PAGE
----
this brilliant video essay dissects 'call me by your name'
Listen to cut dialogue from the film.
Courtesy of Sony Pictures Classics
Watching Call Me By Your Name is an exhilarating experience. So much so, it takes a long time to digest the film and process the smorgsmoard of devices director Luca Guadagnino employs. It’s been a few months since the Oscar-nominated masterpiece hit theaters and, as a result, proper critical analyses are just now pouring in. Screen Prism, a Youtube channel dedicated to unraveling complex films, has unpacked Guadagnino’s aesthetic choices. The fourteen-minute video examines how elements like scene framing and pacing adds to Call Me By Your Name’s tantalizing exploration of young love.
The video essay starts with looking at Call Me By Your Name’s ending scene.“ [The film] ends with a long shot of Elio staring at a fire, feeling his pain and not turning away from it,” a narrator says. “The camera, likewise, refuses to cut away from his face — making us feel his pain for a long time.” Apparently, the film’s title appearing on screen during this moment holds a lot of weight. It marks a beginning, not an ending. “The title comes on announcing this whole film has been a cold open, a prelude to a realization.”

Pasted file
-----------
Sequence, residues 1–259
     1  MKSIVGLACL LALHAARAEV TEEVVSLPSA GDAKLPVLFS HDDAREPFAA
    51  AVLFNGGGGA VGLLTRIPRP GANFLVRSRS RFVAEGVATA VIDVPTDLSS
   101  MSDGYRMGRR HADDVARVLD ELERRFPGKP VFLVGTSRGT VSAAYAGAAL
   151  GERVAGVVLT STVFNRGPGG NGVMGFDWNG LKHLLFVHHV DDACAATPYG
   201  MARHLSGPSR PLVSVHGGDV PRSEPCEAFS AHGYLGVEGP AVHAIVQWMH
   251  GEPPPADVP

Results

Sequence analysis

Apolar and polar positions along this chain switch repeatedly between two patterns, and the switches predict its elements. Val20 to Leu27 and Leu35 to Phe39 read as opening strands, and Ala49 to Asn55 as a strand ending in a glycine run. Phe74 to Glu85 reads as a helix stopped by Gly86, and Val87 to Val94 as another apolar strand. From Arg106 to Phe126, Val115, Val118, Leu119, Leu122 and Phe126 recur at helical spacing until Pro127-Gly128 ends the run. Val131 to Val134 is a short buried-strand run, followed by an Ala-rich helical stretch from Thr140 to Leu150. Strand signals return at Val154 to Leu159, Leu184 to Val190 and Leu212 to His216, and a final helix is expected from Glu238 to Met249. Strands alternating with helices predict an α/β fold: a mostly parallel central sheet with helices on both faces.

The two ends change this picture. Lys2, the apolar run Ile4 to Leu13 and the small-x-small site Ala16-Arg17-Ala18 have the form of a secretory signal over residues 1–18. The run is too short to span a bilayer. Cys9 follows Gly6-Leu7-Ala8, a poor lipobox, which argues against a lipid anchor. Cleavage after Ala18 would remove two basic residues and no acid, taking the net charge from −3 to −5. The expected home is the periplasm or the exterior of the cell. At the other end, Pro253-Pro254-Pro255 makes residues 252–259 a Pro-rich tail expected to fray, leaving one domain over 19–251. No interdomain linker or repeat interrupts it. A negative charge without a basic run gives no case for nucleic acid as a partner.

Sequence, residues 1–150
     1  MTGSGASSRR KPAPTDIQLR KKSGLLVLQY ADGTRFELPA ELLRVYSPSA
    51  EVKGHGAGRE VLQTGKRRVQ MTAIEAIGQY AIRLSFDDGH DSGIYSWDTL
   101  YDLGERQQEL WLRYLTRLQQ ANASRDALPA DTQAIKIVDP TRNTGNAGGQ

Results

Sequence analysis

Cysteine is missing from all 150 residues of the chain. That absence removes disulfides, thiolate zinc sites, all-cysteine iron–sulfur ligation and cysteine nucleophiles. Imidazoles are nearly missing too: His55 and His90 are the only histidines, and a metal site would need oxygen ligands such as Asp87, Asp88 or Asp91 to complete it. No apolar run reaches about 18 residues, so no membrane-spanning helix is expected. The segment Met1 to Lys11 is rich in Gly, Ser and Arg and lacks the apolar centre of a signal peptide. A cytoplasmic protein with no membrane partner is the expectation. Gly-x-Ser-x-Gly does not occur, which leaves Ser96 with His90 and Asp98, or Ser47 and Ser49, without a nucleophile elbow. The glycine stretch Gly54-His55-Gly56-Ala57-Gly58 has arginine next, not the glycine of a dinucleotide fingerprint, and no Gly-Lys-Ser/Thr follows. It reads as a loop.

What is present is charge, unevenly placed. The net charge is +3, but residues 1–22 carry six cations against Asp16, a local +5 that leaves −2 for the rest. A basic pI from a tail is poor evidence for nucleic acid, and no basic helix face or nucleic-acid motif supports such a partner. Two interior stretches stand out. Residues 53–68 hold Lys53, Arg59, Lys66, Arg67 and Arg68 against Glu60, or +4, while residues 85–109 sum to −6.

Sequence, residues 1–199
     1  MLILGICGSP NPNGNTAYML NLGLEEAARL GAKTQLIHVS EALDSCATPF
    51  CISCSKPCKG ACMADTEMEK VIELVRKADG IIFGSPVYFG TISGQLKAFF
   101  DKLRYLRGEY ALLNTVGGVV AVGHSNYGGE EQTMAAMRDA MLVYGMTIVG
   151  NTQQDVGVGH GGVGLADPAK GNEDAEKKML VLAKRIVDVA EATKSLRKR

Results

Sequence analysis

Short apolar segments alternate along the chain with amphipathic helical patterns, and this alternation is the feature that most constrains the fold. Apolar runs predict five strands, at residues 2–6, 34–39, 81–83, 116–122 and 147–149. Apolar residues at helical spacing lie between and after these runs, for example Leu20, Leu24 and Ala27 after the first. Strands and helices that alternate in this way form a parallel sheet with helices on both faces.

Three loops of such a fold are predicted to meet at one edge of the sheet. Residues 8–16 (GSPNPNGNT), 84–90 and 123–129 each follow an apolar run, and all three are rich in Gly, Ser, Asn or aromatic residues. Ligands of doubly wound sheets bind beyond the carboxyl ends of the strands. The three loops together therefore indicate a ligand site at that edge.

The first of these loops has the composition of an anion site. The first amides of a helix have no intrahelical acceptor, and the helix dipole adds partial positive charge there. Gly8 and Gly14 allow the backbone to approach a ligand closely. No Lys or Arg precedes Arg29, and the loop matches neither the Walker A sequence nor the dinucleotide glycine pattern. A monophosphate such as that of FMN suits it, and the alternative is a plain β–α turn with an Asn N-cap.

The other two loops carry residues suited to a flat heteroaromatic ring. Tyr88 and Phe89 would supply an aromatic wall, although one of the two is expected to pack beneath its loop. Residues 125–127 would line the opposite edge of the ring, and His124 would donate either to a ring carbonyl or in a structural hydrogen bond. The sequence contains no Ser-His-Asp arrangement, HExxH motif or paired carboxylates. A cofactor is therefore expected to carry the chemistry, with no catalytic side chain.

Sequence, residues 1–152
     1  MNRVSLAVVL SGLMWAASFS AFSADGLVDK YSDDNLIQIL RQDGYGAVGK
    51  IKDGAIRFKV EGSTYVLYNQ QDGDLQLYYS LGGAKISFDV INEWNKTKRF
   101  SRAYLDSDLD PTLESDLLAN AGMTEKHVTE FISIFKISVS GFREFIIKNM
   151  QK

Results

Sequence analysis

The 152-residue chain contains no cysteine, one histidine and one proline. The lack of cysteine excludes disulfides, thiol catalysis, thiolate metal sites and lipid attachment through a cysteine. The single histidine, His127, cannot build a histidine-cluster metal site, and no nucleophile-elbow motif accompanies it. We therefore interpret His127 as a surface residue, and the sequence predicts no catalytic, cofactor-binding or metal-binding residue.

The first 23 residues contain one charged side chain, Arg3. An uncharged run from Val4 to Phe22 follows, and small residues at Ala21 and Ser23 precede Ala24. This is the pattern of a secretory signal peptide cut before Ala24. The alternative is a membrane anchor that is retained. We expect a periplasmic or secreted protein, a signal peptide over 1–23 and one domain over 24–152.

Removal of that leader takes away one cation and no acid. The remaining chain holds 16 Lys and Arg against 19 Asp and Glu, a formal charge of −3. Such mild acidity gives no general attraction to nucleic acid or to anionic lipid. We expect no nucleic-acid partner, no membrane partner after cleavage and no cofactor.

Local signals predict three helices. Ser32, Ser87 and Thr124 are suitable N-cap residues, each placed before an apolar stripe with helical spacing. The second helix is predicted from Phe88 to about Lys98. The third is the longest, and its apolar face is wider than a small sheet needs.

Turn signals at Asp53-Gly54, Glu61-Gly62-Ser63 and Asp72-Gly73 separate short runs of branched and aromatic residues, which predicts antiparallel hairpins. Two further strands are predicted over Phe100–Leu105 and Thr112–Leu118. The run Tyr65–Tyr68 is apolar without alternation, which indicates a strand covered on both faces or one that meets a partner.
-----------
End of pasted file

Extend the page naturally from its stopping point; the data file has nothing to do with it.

Screen Prism uses the ending to highlight the film’s guiding philosophy of “not cutting away from our feelings”. The peach scene is the best example of this, the audience being allowed to watch Elio explore his lust and desire in a crude way. Guadagnino choosing to film Elio and Oliver’s plaza scene from far away — where the two tiptoe around admitting their feelings for the other — is perhaps the most tense moment in their romance. “The cameras are uncomfortably far away from the characters, not cutting in close for the intimate moment we might expect,” the narrator says. “Just like they’re uncomfortably far away from each other, in this public space, for the most private of moments.”
Another stellar observation is how Guadagnino’s decision to use the same 35mm lens throughout the film affects our perception. The consistent framing “imitates the human eye, which also can’t switch between different perspectives in the same moment.” The video then dissects why Guadagnino decided to rely on silence to convey the characters’ emotions. It shares portions of the dialogue the third-person narrator delivers in James Ivory’s original script. Guadagnino ultimately decided to cut the omnipresent voice from the film.
Want to learn more about the complexity of Call Me By Your Name’s ending scene? Watch the full video essay below: